As a farmer or a rancher, you know the importance of having healthy soil.
Taking care of your soil is critical to the success of your agricultural endeavors, and one of the best tools producers have for improving soil health is their forage.
“Forages that are on the ground give your soil the right mix of nutrients to grow more,” said Daniel Boenkamp of Hillside Bison in Mountain Grove, Mo.
Understanding and properly structuring your forage program can help you achieve this on your farm.
Testing Your Soil
To understand what needs your soil has, it’s imperative that you conduct a soil test.
“Obtaining a quality soil sample is vital for receiving accurate nutrient recommendations for your field,” said Jill Scheidt, agronomy Specialist for MU Extension.
The Extension recommends that farmers and ranchers test their soil every three to five years to see what their soil test levels are.
“Farmers should have at least one sample per field or pasture,” Jill explained. “Ten to 20 cores of soil that are uniformly 6 to 8 inches deep, taken in a zigzag pattern across the field is recommended.”
You want to send as much soil as possible because soil labs do not test the nutrient levels of rock, grass or sticks. To gather soil samples, you’ll need a soil probe, a bucket, plastic bags and a permanent marker to label the bagged soil samples.
The composition of your soil and what nutrients it needs, you can decide which forages you want to plant.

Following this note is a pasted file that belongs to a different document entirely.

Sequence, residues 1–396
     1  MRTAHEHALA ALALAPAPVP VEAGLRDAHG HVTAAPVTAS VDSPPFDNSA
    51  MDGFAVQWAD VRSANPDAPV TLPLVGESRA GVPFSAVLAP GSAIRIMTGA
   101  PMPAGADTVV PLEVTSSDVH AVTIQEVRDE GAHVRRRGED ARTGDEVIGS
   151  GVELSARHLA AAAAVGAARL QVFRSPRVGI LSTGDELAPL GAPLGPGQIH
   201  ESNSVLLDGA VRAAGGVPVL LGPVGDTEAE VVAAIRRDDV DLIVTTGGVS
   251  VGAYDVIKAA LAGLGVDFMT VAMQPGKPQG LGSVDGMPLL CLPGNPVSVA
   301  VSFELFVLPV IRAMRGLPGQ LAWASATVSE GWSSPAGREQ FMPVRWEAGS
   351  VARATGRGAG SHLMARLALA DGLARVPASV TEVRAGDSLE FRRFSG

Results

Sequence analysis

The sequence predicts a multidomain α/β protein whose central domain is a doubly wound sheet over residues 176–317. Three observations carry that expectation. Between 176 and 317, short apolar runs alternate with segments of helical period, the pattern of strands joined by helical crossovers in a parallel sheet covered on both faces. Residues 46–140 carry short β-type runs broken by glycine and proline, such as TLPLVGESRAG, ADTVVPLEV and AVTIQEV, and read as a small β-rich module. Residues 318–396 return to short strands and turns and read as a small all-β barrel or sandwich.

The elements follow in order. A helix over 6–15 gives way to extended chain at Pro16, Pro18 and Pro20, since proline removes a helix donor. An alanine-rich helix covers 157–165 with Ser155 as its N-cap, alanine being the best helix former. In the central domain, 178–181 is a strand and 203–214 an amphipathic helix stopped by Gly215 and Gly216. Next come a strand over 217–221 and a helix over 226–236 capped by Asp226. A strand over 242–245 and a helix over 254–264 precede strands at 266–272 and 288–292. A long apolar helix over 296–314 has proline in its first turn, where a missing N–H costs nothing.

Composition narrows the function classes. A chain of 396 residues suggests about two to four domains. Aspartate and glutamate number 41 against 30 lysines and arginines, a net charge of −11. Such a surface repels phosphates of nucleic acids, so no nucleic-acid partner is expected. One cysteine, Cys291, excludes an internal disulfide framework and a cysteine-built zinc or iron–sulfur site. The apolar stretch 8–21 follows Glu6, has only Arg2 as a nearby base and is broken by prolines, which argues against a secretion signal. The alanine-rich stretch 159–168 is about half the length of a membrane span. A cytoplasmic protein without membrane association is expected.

For example, if your soil is in need of nitrogen (this is common), pick some legumes such as clover or forage soybeans to add to your forage program; legumes have nitrogen-fixing bacteria that grow in nodules on their roots. If your soil is heavily compacted, consider planting a cruciferous root crop like forage radishes.
“Radishes and turnips can break up the soil so it’s not as hard,” said Hickory Ridge Hunting Ranch Marketing Director Joshua Jones from Lamar, Okla., “Plus they add nutrients.”
You’ll also want to consider the goals of your forage and soil health program based on the results of your soil tests – this will help you determine whether you need to select annual or perennial forages.
Understanding the Benefits
While you might not notice a change in your soil from above ground right away when you implement a solid forage program, you can be sure that there is plenty of action going on below.
By making your soil health a priority, you can ensure lasting benefits on your farm, and know that your end product will be the best it can be.